Dec 27

Andropause is an onset of hormonal changes in men – mostly between the ages of 40 and 50 -, which is triggered by reduced testosterone levels.

Testosterone is the primary male sex hormone and is produced in the testes. It affects all body cells and is responsible not only for sexual development, but also for the specific skin, bone and muscle structure of men. It is equally important for the production of red blood cells, which supply the body with oxygen. And after all, testosterone also plays a significant role in providing sexual pleasure and emotional balance. At around one’s middle years, however, the production of this hormone gradually drops, and so do the testosterone levels in the blood. This reduction causes problems for many affected men: in German language, the saying “die Fitness ist kraftlos und die Lenden sind saftlos” (freely translated as ‘no gas in the muscles, no fluids in the loins”) expresses the feeling when the so-called andropause kicks in: depression, irritability, loss of concentration and vitality.

Possible symptoms of the andropause include:

  • Mood disorders such as anxiety, irritability, aggression
  • Tendency to depression
  • Increased weight and body fat, increasing abdominal girth
  • Increasingly poor short-term memory
  • Decreased concentration and attention span
  • Sleep problems and / or stronger daytime fatigue than before
  • Reduced desire for intimacy and lower sex drive..
  • ..or rational desire for sex, but still, sexual apathy
  • Erectile Dysfunction
  • Less frequent and intense ejaculation
  • Osteoporosis
  • low self-esteem
  • Hot flashes and night sweats

There are, however, considerable differences of opinion among experts as to which of these symptoms actually indicate a so-called ‘male menopause’ or andropause and were initially caused by testosterone deficiency, because for each of the symptoms in the list, there could be other root causes, even if a reduced testosterone level would actually be detected in a patient. Thus, in a way, the so-called ‘testosterone replacement therapy’ is often not much more than a ‘shot in the dark’.

Testosterone replacement therapy – yes or no?

Some doctors and hospitals today offer testosterone replacement therapy without much hesitation to men, often with the particular aim of helping them to regain their desire for a satisfying love life. Even with impending cardiovascular diseases, this hormone is sometimes used for prevention, because studies have shown that testosterone has a protective effect on arteries and veins, so there are good, potential reasons to say ‘yes’ to this kind of therapy (usually in the form of tablets, gels, patches or nose sprays). However, it is important to know that a hormone replacement therapy does not help at all if one simultaneously depletes his bodies’ health and resources. It is remarkable and perhaps not entirely coincidental that many men who are looking to start a hormone replacement therapy are also often frivolous users of¬† ‘fitness booster medication’ (self-medicated).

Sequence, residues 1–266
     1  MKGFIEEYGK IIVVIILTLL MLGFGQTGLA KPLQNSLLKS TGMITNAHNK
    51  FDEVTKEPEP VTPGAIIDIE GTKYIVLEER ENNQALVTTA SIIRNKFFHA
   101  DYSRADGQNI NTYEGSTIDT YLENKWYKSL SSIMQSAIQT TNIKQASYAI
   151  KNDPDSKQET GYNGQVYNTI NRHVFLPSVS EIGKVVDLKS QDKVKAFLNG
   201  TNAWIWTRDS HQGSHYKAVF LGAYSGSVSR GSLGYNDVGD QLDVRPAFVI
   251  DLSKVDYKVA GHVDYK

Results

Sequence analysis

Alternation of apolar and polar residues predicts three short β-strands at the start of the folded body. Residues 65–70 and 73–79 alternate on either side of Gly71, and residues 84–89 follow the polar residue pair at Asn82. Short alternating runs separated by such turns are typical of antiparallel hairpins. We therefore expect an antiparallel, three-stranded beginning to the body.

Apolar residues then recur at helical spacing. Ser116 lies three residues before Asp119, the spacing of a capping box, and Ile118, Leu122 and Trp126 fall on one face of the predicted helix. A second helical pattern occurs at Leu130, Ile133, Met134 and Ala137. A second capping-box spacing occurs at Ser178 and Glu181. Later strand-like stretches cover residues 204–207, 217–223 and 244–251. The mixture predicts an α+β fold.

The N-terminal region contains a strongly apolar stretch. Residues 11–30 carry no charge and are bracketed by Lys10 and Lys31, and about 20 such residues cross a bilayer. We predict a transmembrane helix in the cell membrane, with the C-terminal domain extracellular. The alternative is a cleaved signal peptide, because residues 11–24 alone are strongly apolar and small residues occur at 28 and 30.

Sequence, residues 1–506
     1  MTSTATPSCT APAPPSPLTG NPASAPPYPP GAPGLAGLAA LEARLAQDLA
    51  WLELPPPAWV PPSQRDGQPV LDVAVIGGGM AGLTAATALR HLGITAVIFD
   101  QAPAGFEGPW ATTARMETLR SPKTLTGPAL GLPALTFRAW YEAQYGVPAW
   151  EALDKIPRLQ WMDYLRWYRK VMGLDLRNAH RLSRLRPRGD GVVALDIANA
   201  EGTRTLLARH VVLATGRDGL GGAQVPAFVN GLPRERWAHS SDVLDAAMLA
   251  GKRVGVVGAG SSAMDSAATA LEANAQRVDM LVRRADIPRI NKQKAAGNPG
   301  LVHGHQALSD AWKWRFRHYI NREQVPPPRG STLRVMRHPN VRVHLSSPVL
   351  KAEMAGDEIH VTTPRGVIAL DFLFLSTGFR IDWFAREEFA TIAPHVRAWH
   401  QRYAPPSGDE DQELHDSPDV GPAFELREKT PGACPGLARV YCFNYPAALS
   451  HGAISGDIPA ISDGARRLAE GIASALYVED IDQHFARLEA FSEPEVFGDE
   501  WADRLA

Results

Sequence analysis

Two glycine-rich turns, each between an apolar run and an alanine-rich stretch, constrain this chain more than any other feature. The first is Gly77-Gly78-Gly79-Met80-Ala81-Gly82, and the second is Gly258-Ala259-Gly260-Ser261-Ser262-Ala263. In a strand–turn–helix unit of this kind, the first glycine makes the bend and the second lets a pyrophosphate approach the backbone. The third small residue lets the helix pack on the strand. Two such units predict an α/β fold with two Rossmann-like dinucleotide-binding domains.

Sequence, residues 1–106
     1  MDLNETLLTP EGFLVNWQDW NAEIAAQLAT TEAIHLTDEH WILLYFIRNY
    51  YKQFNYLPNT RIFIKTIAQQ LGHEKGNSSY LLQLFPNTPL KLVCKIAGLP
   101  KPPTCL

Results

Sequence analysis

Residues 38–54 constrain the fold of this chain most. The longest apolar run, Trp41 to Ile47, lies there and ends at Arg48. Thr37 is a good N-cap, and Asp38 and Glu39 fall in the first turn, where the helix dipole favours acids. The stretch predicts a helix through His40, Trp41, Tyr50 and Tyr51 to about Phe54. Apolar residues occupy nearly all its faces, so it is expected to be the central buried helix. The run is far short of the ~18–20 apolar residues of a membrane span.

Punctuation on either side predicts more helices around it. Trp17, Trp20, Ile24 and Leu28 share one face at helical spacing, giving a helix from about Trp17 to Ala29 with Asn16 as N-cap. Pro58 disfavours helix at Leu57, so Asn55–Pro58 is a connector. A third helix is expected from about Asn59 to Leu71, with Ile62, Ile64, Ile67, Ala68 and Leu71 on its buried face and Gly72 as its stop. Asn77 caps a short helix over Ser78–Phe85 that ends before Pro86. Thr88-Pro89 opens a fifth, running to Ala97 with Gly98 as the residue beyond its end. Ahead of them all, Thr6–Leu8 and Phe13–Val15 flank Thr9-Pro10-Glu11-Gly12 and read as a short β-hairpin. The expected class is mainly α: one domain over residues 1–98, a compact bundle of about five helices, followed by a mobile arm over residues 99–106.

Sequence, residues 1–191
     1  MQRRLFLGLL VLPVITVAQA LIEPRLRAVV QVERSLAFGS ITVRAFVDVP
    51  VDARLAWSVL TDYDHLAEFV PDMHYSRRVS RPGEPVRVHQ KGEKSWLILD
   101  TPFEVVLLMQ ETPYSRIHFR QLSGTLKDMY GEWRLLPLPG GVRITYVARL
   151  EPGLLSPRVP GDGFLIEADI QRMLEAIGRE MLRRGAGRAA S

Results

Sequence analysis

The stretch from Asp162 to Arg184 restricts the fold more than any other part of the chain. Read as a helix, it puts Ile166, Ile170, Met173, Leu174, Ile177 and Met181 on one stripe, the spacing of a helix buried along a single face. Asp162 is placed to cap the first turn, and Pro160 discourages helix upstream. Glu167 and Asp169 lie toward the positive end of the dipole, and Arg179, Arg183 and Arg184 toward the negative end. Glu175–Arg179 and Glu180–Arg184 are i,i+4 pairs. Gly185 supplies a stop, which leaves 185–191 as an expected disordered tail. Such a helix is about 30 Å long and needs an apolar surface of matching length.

Ideally, taking on an artificial testosterone substitution should increase muscle mass, bone density, libido and performance. Under certain conditions, the ‘extra dose’ testosterone may also accelerate the development of an existing prostate cancer. A preventive control (PSA control) is therefore highly advisable.

But there are also proven health tips for men, which in contrast to the artificial feeding of testosterone reliably pose no health risks and are also very well suited to raise the testosterone levels:

  • Development of more self-discipline for a healthy lifestyle – something that many men never achieved in their lives
  • Balanced nutrition (vitamins: more fruit and vegetables; low-fat: greasy, oily foods and refined carbohydrates lead to weight gain, but: obesity appears to influence the production of testosterone!)